Contemporary poet Franco Fortini was born in Florence in 1917 and died in Milan in 1994. He graduated in Law and Humanities. With a Jewish father, he spent some time in Switzerland during WWII but returned to Italy in 1944 to fight with the partisans.
After settling in Milan where he worked as a journalist and translator, he taught at secondary schools until 1976 when he was appointed Chair of Literary Criticism at the University of Siena. He published numerous collections of poetry.
He is regarded as a major left-wing intellectual of the 20th c. He associated with other renowned intellectuals of his time such as Sartre and Brecht, and translated works by many great authors including Gide, Flaubert and Proust from French; Goethe, Brecht and Kafka from German; and Milton from English.
The following poem is seasonally appropriate for Canberra. I wish Fortini had cared to use commas – they would have facilitated my reading! Fortunately, the translator has done so.
Agro inverno crepiti il tuo fuoco
incenerisci inverno i boschi i tetti
recidi e brucia inverno
Pianga chi piange chi ha male abbia più male
chi odia odii più forte chi tradisce trionfi:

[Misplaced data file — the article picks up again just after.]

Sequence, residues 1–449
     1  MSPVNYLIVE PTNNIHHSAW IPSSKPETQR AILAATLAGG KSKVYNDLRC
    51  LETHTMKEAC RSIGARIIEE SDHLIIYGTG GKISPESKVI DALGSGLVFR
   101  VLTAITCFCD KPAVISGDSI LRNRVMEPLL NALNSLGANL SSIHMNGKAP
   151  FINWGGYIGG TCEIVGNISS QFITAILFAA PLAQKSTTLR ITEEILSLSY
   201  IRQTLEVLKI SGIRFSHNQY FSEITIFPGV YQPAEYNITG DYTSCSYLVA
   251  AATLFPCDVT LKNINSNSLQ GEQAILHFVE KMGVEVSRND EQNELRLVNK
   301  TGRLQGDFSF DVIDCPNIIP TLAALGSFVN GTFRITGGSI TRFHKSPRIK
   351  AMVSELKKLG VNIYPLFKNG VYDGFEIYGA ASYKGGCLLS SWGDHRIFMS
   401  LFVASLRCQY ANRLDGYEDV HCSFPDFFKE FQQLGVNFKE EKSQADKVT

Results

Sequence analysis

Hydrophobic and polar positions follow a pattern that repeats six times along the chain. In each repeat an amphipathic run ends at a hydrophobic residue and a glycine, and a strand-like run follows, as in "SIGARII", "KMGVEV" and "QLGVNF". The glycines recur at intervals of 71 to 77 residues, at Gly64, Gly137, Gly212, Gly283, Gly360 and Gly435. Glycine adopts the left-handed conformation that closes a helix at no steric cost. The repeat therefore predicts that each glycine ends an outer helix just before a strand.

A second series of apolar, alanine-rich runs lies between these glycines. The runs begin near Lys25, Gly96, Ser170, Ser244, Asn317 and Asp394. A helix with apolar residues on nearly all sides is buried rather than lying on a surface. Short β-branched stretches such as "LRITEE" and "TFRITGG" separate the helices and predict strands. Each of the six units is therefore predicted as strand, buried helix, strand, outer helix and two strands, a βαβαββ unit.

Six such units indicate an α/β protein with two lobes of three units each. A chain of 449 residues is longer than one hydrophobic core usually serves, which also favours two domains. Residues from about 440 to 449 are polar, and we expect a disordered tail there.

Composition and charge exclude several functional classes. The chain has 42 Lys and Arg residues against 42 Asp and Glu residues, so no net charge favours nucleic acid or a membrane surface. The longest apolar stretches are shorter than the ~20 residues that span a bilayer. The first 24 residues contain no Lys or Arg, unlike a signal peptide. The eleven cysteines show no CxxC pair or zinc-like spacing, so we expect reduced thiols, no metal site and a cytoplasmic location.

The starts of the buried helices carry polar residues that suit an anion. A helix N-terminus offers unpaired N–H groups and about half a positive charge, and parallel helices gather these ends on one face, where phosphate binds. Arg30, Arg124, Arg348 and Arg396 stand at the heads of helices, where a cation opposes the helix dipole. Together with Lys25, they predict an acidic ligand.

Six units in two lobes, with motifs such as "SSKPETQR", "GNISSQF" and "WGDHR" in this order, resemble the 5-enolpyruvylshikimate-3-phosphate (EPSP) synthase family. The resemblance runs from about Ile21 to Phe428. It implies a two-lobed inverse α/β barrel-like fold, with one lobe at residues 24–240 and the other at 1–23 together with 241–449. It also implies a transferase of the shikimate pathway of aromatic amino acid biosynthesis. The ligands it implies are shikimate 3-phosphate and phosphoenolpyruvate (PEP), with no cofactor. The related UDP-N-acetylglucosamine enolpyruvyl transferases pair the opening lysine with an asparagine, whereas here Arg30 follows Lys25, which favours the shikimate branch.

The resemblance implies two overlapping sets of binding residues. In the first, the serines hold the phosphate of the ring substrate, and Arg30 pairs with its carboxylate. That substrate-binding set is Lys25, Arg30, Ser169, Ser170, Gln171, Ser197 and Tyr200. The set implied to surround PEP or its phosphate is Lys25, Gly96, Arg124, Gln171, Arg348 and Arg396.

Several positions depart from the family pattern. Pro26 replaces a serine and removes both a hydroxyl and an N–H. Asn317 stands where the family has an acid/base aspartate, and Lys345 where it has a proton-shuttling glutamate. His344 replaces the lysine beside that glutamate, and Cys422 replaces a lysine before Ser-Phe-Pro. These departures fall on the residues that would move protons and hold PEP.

questo è l’ultimo testo è il decreto del nostro inverno.
Non abbiamo saputo che cosa fare per noi
della verde vita e dei fiori amorosi.
Per questo la scure è alla radice dei cuori
e come stecchi che si divincolano saremo arsi.
The following translation is by Lawrence R. Smith and is found in his bilingual anthology The new Italian Poetry – 1945 to the present.
Bitter winter, you crackle your fire
winter, you consume the woods, the roofs
winter, you slash and burn.
Whoever mourns, let him mourn; whoever suffers, let him suffer more
whoever hates, let him hate more; whoever deceives, let him triumph:
this is the ultimate text and decree of our winter.
We didn’t know what to do with
green life and the loving flowers.
That’s why the ax is at the root of our hearts
And like writhing twigs we shall be burnt.